In the first lesson, we looked at what it means to be “poor of spirit” – to be empty of self and full of Christ. Prior to that, we examined Jesus’ meaning in saying that He came to “fulfill the law.” He summed up and accomplished all that the Old Testament pointed to. From here, Jesus sets a higher standard of righteousness for God’s people, and he contrasts several accepted truths of the time and contrasts them with God’s desire.
Matthew 5:20 specifically speaks of becoming more righteous than the spiritual leaders of the time period in order to enter into the kingdom of heaven. The Scribes and the Pharisees were highly respected in the religious community, but Jesus condemns their grandstanding on ceremony and their hedging of God’s law. Matthew 23 sets as a good example of Jesus’ view of these leaders: they teach good things, but their examples should not be emulated.
In the eyes of many of those listening to Jesus, this may have seemed an impossible task. However, to achieve this level of righteousness, Jesus emphasizes the role of the heart in achieving this level of spiritual purity.
Going the Next Step
Murder & Anger. Beginning in Matthew 5:21, Jesus brings anger into the spotlight. There is more to our relationship with others than our physical actions. If we harbor feelings of anger or hatred, then we are guilty before God as if we had murdered that individual. Avoiding reconciliation will only bring pain. There is no justification for animosity. Romans 12:18 tells us to be as peaceful as possible. (See also the story of the wayward son – specifically the actions of the older brother.)
Adultery & Lust. Again, the heart is the focus here, and Jesus offers an extreme example of just to what lengths we should be willing to go through to remove obstacles between us and our relationship with God. James 1:14-15 says that lusts and enticements draw us away into sin. Once we accept those thoughts in our heart, we have sinned.
Marriage & Divorce. Jesus says that it is not justifiable to sever the marriage vows for any reason. In fact, Jesus goes on to say that there is to be no divorce at all. Yes, one provision is maintained – that of unfaithfulness – but the principal is that divorce equals adultery. This is elaborated in Matthew 19:3 when Jesus appeals to the Creation as the cornerstone of God’s view on the topic. Yes, in Matthew 19:10, people recognize this as a difficult concept, but difficulty does not invalidate God’s law.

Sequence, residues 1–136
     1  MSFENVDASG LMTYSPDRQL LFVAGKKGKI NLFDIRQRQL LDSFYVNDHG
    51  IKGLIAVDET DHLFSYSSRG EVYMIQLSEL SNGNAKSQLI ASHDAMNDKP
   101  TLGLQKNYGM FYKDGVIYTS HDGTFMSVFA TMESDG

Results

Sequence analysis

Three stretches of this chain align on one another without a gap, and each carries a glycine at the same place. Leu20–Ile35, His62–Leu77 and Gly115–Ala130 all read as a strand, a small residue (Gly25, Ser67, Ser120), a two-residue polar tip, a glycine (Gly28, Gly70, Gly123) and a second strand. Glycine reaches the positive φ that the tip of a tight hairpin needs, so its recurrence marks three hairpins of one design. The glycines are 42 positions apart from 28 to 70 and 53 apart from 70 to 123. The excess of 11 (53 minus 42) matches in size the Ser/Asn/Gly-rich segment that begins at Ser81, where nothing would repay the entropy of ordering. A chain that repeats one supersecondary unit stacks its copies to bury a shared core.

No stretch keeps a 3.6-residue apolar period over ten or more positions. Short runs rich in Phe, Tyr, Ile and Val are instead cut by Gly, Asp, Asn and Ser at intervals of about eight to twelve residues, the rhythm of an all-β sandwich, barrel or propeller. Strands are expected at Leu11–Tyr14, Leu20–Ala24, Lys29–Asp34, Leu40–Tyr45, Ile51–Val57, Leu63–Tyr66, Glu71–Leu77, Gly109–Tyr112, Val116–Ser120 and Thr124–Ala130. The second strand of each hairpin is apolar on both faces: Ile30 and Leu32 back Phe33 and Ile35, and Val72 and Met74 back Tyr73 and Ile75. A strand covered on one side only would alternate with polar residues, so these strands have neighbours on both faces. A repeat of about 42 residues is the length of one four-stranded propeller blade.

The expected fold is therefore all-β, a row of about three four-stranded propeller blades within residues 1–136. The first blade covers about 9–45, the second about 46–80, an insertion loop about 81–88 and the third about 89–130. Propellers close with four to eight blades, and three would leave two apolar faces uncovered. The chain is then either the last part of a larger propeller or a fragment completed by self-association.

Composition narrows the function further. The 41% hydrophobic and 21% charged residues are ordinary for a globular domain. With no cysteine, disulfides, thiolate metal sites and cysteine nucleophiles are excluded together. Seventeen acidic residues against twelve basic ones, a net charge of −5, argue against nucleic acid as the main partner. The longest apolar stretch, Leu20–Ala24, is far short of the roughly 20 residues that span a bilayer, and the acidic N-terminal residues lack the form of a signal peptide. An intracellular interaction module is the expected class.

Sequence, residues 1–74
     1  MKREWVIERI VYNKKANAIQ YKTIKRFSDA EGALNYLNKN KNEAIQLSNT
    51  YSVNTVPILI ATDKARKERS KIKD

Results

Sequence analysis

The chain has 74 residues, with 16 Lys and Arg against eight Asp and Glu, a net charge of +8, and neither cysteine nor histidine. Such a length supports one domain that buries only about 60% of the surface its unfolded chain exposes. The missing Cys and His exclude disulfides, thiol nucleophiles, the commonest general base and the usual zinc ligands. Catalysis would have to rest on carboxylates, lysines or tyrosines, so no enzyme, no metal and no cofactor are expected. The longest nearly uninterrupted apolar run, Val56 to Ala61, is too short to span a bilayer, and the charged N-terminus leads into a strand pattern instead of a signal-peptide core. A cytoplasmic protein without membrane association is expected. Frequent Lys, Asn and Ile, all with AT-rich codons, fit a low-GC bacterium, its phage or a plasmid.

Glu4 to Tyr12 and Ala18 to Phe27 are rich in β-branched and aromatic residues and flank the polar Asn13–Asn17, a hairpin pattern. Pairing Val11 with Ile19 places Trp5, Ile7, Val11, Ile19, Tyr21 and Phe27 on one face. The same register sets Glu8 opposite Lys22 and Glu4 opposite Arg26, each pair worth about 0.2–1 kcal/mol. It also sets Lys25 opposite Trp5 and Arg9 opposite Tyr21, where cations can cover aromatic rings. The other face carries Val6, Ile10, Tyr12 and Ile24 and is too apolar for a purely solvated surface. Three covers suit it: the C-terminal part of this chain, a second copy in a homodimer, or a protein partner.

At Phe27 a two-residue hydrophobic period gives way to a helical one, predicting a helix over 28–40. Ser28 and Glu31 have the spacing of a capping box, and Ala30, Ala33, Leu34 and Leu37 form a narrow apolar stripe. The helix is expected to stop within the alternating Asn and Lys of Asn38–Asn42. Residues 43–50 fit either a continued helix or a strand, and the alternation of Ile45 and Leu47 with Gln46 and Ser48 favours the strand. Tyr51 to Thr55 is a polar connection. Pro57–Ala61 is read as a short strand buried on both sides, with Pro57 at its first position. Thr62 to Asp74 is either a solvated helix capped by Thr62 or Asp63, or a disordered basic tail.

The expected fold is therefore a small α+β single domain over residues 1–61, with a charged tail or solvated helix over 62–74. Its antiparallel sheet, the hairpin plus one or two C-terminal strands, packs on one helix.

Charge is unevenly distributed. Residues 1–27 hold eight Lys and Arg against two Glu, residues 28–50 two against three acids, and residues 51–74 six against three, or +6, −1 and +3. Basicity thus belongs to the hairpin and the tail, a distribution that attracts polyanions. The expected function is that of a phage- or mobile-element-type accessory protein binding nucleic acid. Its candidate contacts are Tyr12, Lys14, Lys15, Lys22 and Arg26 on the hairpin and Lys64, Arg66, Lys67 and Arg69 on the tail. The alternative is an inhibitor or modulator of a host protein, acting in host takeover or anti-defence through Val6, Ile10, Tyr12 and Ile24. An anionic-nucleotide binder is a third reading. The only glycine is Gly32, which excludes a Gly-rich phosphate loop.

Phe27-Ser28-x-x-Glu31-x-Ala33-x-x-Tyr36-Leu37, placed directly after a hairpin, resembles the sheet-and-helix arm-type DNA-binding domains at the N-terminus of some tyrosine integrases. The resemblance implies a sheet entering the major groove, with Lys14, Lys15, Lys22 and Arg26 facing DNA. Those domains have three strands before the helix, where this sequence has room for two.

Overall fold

Vows & Oaths. During the time period, it was not uncommon for people to swear by different objects to demonstrate the validity of one’s word. Jesus merely tells us that we should merely keep our word. If our heart is right, we will keep those promises we make, and we won’t look for ways to wriggle out of those commitments we make. Christians do not look for loopholes.
Eye for an Eye. Retribution was provided for under the Old Law, but Jesus advises His followers not to seek such retribution or for vengeance. This is where we get the sayings, “Turn the other cheek” and “Go the extra mile.” There will be times that we have to endure hardship and accept the fact that everything is not all about “me.”
Neighbors & Enemies. Jesus advocates blessing and praying for one’s adversaries. This point really sums up the previous five. Jesus asks what reward there is in merely being kind to those who are kind to you. Such an attitude provides no differentiation from worldliness. Instead, our hearts and attitudes emulate God.
All of this comes back to God wanting His followers to follow His example. If God wanted an eye for an eye; if He hated his enemies; if He did not keep His promises, where would we be? These attitudes are qualities that God has demonstrated and continues to demonstrate toward us, and Jesus tells us to take that level of righteousness and live it. It begins with the heart, and that starting place will determine our thoughts, our attitudes, and our actions.
lesson by Tim Smelser